It must be made with reflective tape or striping. Reflective striping can improve visibility when your workers are out at dawn or dusk or in low-lit conditions. It’s especially important when working on roadway jobs because it helps return light to the direction of its source. For example, it will appear much brighter to a driver who is shining his headlights toward a worker. While the fluorescent material ensures some visibility in low-lit conditions, reflective material will significantly improve visibility at dusk or dawn, so the combination of both kinds of eye-catching materials is essential when on the jobsite.

One of the interesting things about all ANSI 107 apparel is that it has to be tested by an accredited laboratory. After that, the manufacturer must provide a Declaration of Conformity with each model. This ensures that manufacturers don’t improperly or wrongfully label their apparel as meeting the standard when it does not.

Examples of ANSI/ISEA 107 Garments


Other Important Factors

The standard also covers things like placement of the retroreflective material, the amount of material required for different classes (more on this below), and the garment labeling. But, by and large, the two most important things are that the garments be highly visible with the use of fluorescent fabrics and that they have reflective tape.

Types and Performance Classes of ANSI 107

In 2015, ANSI and ISEA combined two separate documents—the ANSI/ISEA 107-2010 standard for High Visibility Safety Apparel (HVSA) and the ANSI/ISEA 207-2011 American National Standard for High Visibility Public Safety Vests—to create a single comprehensive document called ANSI/ISEA 107-2015. The 2015 version required a new classification system to ensure that garment types were suitable for many different work environments.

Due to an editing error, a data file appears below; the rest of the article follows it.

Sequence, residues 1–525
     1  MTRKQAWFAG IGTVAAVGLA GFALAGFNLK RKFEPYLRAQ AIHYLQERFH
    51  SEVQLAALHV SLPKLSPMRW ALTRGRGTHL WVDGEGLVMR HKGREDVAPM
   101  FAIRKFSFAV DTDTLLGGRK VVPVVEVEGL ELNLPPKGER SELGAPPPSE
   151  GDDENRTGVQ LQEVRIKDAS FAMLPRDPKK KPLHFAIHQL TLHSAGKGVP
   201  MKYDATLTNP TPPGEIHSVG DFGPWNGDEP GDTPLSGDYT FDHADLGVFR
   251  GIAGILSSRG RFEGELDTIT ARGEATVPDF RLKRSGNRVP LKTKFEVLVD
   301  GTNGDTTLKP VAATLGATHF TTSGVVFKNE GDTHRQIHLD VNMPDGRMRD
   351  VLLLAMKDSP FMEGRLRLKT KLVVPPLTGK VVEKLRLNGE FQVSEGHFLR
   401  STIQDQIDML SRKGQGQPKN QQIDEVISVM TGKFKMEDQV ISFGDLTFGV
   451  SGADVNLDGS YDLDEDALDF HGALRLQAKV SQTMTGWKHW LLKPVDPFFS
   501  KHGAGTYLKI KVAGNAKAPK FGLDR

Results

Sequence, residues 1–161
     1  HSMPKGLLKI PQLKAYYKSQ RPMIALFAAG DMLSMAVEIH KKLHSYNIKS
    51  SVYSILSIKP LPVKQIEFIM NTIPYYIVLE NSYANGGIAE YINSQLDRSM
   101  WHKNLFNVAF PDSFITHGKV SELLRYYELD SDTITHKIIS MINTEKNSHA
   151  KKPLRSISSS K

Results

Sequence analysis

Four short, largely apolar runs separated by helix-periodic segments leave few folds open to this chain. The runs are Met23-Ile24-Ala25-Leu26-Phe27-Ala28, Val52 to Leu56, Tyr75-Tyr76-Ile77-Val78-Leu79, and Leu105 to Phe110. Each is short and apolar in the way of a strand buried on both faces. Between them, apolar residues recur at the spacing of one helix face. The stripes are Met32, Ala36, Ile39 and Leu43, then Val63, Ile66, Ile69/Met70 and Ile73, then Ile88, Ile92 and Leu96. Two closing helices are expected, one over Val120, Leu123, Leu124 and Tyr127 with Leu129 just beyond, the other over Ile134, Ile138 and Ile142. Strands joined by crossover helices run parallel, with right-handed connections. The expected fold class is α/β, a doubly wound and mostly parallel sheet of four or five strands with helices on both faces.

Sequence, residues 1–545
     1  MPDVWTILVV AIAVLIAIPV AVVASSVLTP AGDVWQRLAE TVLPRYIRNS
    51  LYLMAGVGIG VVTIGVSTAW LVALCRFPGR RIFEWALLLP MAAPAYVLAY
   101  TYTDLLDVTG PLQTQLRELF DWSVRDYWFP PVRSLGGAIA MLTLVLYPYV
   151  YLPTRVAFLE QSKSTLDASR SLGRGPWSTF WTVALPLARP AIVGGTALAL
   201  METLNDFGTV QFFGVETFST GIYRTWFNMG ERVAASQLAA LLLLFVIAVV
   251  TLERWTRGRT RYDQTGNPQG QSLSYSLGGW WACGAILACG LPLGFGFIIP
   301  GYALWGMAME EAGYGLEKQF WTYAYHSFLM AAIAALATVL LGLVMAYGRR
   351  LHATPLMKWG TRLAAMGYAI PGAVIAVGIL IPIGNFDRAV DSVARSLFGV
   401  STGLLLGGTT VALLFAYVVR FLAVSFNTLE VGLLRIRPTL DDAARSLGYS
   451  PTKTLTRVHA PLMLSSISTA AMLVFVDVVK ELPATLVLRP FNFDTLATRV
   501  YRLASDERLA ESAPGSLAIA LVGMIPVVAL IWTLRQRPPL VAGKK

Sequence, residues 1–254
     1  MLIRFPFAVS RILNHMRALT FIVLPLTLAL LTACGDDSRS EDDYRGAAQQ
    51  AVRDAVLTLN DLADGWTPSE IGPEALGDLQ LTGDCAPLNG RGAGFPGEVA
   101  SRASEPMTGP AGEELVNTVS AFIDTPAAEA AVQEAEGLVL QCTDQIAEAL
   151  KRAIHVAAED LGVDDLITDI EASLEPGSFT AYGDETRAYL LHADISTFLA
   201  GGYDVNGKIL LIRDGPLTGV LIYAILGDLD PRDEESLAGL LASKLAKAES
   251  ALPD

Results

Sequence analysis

The types and performance classes range from minimal high visibility (Class 1) to exceptionally high visibility (Class 2 and 3). To determine class, various factors are measured—the background material amount (in square inches), the reflective material amount (in square inches), and the minimum width of the reflective material (in inches). In general, for more safety and visibility, you want more inches of reflective materials on your garment. The current types and performance classes are:

Off-Road (Type O)

ANSI/ISEA 107 Type O garments are the lowest visibility items that can be approved by this standard, but they are still considered high visibility safety apparel. They are meant to be worn in off-road environments by workers who are not proximate to traffic or temporary traffic control zones. The off-road category is always designated as Class 1, as this is the lowest level of visibility and reflectivity that is allowed on apparel that’s approved to this standard.


Class 1 – According to the latest requirements, Class 1 garments are "the minimum amount of high-visibility materials required to differentiate the wearer visually from non-complex work environments.” In other words, they are only to be worn by workers who are always well-separated from traffic  Type O, Class 1 garments must have at least one horizontal band of retroreflective or combined- performance material around the torso as well as retroreflective materials either on the shoulders or encircling the arms.